Existence and uniqueness of positive solution to singular fractional differential equations
© Wang et al.; licensee Springer 2012
Received: 6 April 2012
Accepted: 10 July 2012
Published: 28 July 2012
In this paper, we discuss the existence and uniqueness of a positive solution to the following singular fractional differential equation with nonlocal boundary value conditions:
where , , with , is the standard Riemann-Liouville derivative, f may be singular at , , and .
where , , with , is the standard Riemann-Liouville derivative, may be singular at , , and . In this paper, by a positive solution to (1.1), we mean a function which satisfies , positive on and satisfies (1.1).
where , is the standard Riemann-Liouville derivative, . By using the Krasnosel’skii fixed point theorem, the existence of positive solutions were obtained under suitable conditions on f.
where , , , with , , satisfied Carathéodory type conditions.
In , , and g, h have different monotone properties. By using the fixed point theorem for the mixed monotone operator, Zhang obtained (1.4) and had a unique positive solution with . But the results are not true since is a positive solution of (1.5), and . What causes it lies in the unsuitable using of properties of the Green function.
In , , is increasing for , . By using the positive properties of the Green function obtained in and fixed point theory for the concave operator, the authors obtained the uniqueness of a positive solution for the BVP (1.4).
Motivated by the works mentioned above, in this paper we aim to establish the existence and uniqueness of a positive solution to the BVP (1.1). Our work presented in this paper has the following features. Firstly, the BVP (1.1) possesses singularity, that is, f may be singular at , , and . Secondly, we impose weaker positivity conditions on the nonlocal boundary term, that is, some of the coefficients can be negative. Thirdly, the unique positive solution can be approximated by an iterative scheme.
The rest of the paper is organized as follows. In Section 2, we present some preliminaries and lemmas that will be used to prove our main results. We also develop some new positive properties of the Green function. In Section 3, we discuss the existence and uniqueness of a positive solution of the BVP (1.1), we also give an example to demonstrate the application of our theoretical results.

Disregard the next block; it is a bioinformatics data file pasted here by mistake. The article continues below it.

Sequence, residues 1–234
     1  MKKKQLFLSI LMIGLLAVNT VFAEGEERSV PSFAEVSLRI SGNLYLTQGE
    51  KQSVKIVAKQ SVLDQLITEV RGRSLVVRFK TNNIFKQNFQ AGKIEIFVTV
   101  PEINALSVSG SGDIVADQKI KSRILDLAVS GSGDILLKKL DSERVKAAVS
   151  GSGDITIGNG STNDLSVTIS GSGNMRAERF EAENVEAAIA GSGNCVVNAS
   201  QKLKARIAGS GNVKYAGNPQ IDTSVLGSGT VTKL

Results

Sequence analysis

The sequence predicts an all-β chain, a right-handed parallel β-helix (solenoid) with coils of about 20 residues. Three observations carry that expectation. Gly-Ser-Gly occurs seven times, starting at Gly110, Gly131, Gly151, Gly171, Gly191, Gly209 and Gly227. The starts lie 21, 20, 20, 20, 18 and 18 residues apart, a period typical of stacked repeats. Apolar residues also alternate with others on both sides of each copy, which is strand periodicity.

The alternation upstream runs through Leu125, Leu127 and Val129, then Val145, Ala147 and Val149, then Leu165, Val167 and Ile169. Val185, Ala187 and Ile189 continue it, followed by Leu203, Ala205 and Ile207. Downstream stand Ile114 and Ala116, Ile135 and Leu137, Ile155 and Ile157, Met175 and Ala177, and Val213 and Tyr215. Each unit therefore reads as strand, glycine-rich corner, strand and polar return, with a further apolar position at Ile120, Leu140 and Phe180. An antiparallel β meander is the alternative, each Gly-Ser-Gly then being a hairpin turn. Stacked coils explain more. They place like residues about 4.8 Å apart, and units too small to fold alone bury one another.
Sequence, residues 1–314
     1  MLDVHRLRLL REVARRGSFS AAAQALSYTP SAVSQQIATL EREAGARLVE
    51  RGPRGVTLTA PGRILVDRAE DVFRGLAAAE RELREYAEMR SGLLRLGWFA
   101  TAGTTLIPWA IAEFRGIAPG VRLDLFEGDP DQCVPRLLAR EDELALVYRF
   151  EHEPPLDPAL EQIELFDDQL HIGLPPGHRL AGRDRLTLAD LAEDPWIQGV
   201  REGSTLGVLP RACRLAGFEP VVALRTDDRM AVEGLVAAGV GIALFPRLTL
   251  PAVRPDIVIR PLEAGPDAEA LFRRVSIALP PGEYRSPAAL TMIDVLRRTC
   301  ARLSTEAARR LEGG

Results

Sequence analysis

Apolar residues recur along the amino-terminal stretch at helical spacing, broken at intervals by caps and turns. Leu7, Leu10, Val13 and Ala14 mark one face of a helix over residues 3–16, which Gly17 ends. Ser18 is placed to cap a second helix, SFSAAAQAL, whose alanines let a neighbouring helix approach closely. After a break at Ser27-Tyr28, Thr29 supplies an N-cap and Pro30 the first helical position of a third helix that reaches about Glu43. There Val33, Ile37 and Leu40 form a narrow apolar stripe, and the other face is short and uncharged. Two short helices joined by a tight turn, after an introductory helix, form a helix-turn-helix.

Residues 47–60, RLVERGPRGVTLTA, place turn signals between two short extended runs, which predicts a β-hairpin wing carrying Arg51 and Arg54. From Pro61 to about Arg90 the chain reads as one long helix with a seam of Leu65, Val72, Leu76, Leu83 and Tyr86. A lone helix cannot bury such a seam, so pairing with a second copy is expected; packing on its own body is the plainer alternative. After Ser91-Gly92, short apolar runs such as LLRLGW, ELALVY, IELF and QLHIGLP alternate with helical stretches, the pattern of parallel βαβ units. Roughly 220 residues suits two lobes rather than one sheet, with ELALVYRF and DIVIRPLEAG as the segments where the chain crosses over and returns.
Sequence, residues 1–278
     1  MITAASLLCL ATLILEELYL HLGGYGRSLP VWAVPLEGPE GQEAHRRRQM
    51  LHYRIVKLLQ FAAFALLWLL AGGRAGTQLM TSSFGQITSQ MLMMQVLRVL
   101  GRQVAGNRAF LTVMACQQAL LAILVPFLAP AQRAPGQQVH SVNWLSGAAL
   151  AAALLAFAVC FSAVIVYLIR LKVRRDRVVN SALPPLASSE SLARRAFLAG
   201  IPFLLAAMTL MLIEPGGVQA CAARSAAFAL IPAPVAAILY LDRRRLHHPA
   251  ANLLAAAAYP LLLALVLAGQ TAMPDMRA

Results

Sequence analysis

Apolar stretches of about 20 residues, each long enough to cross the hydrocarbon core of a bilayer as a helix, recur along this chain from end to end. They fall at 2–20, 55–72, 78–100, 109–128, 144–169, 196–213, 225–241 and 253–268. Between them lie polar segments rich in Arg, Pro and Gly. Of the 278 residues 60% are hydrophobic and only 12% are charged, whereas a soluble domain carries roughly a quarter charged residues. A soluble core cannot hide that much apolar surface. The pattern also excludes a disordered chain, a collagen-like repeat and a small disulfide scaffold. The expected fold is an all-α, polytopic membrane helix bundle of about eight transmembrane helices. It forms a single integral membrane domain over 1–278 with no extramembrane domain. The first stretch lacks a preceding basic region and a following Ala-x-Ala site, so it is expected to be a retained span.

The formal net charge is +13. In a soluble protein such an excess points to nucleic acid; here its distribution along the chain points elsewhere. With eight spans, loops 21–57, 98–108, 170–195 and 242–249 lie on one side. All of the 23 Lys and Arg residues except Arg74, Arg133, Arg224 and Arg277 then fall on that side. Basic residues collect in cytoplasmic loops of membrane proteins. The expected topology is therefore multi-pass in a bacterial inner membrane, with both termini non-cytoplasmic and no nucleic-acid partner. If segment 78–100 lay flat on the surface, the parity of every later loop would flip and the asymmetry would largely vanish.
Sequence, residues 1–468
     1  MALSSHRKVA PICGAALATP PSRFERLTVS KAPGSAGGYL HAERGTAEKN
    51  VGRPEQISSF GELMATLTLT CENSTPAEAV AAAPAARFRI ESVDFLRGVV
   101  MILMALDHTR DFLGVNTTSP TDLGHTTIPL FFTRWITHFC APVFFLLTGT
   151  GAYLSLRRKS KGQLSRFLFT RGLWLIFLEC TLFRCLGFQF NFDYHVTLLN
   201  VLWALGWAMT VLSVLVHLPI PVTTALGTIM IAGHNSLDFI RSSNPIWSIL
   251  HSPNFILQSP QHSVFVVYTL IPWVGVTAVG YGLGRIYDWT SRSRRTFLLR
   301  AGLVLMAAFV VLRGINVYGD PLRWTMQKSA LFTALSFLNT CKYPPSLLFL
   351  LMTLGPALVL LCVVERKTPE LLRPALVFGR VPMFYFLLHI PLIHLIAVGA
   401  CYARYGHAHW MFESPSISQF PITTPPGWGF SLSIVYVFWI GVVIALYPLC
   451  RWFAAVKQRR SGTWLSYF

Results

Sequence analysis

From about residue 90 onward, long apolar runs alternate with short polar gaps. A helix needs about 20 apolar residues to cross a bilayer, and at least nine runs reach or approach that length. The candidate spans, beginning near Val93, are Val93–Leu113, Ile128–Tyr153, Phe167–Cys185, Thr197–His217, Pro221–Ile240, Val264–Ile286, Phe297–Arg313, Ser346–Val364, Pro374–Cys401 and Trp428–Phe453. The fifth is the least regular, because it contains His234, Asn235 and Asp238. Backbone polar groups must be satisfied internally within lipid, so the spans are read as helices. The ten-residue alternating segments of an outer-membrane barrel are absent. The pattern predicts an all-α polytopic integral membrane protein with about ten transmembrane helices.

For the convenience of the reader, we present here the necessary definitions from fractional calculus theory. These definitions can be found in recent literature.
provided the right-hand side is defined pointwise on .
where , denotes the integral part of the number α, provided the right-hand side is pointwisely defined on .
Definition 2.3 By , we mean .
Lemma 2.1 ()
where , , .
For the convenience in presentation, we here list the assumption to be used throughout the paper.
() , on .
Remark 2.1 If (), we have and . If () and , we have and on .
Lemma 2.2 ()
where is called the Green function of BVP (2.5).
From , we have .
, for ;
, for ;
- (3), for , where(2.6)
- (ii)When , we have(2.10)
(2.8)-(2.11) implies (3) holds. □
By Lemma 2.4 we have the following results.
- (3), , where
For convenience, we list here two more assumptions to be used later:
Set , where θ is the zero element of E. We have the following lemma.
Lemma 2.7 Suppose that ()-() hold. Then .
where . This implies that A is well defined in .
Therefore, . Combining with (2.16), we have . □
Remark 2.3 By () and (2.15), A is a mixed monotone operator.
3 Main results
Theorem 3.1 Suppose that ()-() hold. Then the BVP (1.1) has a unique positive solution.
This implies that .
Since , we have is a positive fixed point of A.
In the following, we will prove the positive fixed point of A is unique.
Thus, , which contradicts the definition of . Consequently, the positive fixed point of A is unique.
Lemma 2.3 implies is a positive solution of (1.1).
which implies u is a positive fixed point of A.
Then is the unique positive solution of the BVP (1.1). □
Remark 3.1 The unique positive solution y of (1.1) can be approximated by the iterative schemes: for any , let , be defined as (3.2) and , , , then .
Example 3.1 (A 4-point BVP with coefficients of both signs)
By direct calculations, we have and , which implies () holds.
Therefore () holds. It is easy to get that () holds. Therefore, the assumptions of Theorem 3.1 are satisfied. Thus Theorem 3.1 ensures that the BVP (3.8) has a unique positive solution.
The authors are grateful to the anonymous referee for his/her valuable suggestions. The first and second authors were supported financially by the National Natural Science Foundation of China (11071141, 11126231) and Project of Shandong Province Higher Educational Science and Technology Program (J11LA06). The third author was supported financially by the Australia Research Council through an ARC Discovery Project Grant.
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